atomic_fungus (atomic_fungus) wrote,

#7083: Congitive dissonance

So, we have this pandemic thing going on.

I don't trust what the Chinese are telling us. They're communists, and by definition, they lie. Demand for funeral urns is up drastically in China, contrary to what they're saying about their fatality rate etc. They don't want the world to learn that the vast majority of their people live under third-world conditions. "Not giving you the straight dope" is standard operating procedure for communists.

The American media are trying to make this thing look as bad as possible, because they want it to bring down Trump, so they also are not giving us the straight dope. (See above re: communists.)

The Democrats, at best, view the thing as a crisis to be exploited, and at worst look at it as an opportunity to put on their human-face-stomping boots. Not only do they want this thing to be as bad as possible, but they are actively taking steps to make it as bad as possible, such as by trying to limit the President's ability to emplace travel bans.

Meanwhile, on our side, we have a whole slew of people explaining that this thing isn't nearly as bad as it's portrayed. But then we also have right-leaning folks who are screeching about the apocalypse, and "reports from the trenches" from right-wing sources saying, "We're all basically screwed."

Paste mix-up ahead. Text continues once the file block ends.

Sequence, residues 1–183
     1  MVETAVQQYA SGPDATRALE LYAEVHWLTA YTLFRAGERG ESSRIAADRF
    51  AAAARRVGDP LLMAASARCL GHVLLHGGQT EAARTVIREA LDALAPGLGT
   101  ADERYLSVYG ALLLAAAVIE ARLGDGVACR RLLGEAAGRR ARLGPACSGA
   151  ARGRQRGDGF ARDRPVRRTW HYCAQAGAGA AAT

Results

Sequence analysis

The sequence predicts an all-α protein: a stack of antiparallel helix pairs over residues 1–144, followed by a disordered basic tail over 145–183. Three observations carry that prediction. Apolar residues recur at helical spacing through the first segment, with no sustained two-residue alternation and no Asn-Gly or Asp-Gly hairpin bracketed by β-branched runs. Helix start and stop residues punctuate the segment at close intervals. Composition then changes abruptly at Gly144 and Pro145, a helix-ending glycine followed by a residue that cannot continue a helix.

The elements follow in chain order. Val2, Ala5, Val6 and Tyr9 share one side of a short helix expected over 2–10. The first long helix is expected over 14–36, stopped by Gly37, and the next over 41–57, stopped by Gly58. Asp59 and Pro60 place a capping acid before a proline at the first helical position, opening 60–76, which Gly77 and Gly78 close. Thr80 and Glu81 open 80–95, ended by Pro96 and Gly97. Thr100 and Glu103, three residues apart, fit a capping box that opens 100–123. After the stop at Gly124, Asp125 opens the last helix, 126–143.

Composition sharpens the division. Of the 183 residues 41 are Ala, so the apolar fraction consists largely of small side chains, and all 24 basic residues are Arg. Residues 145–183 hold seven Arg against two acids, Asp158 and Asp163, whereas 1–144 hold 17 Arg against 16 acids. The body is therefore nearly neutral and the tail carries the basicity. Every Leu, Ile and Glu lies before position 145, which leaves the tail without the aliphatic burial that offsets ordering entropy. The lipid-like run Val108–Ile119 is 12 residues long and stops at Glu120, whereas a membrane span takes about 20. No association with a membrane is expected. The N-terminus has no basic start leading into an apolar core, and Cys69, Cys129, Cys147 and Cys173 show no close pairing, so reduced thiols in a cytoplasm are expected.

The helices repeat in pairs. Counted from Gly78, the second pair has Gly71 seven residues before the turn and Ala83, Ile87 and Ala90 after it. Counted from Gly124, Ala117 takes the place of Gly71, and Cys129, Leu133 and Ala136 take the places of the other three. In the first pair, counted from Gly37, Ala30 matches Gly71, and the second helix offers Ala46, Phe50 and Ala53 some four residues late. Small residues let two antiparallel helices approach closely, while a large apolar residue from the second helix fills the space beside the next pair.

I'm looking at all this and shaking my head, trying to make some sense out of it, and not getting very far. The best I can do is this:

1) Populations which exercise basic sanitation are less at risk than populations which do not. In other words, if you live in a country where people routinely wash their hands after using the restroom, and before handling food, you are probably a lot safer than the guy who lives in a country where his local butcher takes a dump behind the bushes, then goes right back to cutting up chickens for sale in his market stall.

2) The older you are, the more risk you've got of a negative outcome. This is true of nearly all viral infections, though, so that's not news.

3) The death rate, in America, for this thing is almost certainly being highly overstated. There are too many people in this country for whom a high death rate is advantageous for it to be otherwise. Notice, please, that whenever there is news that someone has "tested positive" we are NEVER told if they are even symptomatic. With the development of the 5-minute tests, though, more people will be tested. You can expect this number to change rapidly then, and it's going to drop precipitously, at which point it will be ignored.

Notice also that the high death rate in Italy is presented as a simple number. They're not talking about demographics at all, nor are they talking about how Italy responded earlier in the pandemic. I'm talking about the "Hug a Chinese" campaign they had, when everyone was freaking out about how "racist" it was for Donald Trump to bar travel to and from China. Italy has seen a lot of investment from China in the past decade, so there is a large amount of travel between China and Italy; and to make it worse, Italy's population is aging. The older you are, the harder this thing hits you.